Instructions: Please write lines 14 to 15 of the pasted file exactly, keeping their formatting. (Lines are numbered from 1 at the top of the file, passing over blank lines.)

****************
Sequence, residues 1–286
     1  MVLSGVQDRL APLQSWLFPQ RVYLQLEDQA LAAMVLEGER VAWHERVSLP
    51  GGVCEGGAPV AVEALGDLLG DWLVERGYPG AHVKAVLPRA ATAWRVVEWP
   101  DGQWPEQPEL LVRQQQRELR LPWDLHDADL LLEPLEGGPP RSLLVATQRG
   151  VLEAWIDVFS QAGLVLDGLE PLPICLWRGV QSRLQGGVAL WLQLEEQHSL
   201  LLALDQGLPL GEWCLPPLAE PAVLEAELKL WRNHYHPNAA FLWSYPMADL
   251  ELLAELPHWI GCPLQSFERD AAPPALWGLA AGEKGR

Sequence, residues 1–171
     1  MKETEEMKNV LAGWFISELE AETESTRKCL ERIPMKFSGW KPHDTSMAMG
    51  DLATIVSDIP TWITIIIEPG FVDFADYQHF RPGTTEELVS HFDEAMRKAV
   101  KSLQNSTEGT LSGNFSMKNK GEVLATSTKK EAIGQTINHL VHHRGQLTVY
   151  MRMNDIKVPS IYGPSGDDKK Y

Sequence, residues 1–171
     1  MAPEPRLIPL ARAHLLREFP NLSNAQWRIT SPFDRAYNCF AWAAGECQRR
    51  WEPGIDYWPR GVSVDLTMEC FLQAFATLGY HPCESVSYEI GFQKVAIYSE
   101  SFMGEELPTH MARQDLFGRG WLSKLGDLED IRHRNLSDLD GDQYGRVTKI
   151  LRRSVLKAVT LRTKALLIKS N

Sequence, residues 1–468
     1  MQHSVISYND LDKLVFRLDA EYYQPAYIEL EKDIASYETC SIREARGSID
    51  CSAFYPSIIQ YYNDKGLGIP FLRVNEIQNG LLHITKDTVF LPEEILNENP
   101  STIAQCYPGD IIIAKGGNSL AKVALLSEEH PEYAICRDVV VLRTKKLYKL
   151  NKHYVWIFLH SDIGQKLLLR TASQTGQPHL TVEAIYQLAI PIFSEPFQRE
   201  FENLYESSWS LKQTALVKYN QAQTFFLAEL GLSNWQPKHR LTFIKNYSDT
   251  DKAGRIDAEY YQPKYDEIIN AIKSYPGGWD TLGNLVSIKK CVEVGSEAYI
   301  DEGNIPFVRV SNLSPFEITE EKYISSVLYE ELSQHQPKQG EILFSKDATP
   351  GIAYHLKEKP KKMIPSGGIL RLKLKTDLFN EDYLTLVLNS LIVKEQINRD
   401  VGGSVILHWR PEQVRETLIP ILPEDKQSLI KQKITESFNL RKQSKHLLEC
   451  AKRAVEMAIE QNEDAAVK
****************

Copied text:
     1  MAPEPRLIPL ARAHLLREFP NLSNAQWRIT SPFDRAYNCF AWAAGECQRR
    51  WEPGIDYWPR GVSVDLTMEC FLQAFATLGY HPCESVSYEI GFQKVAIYSE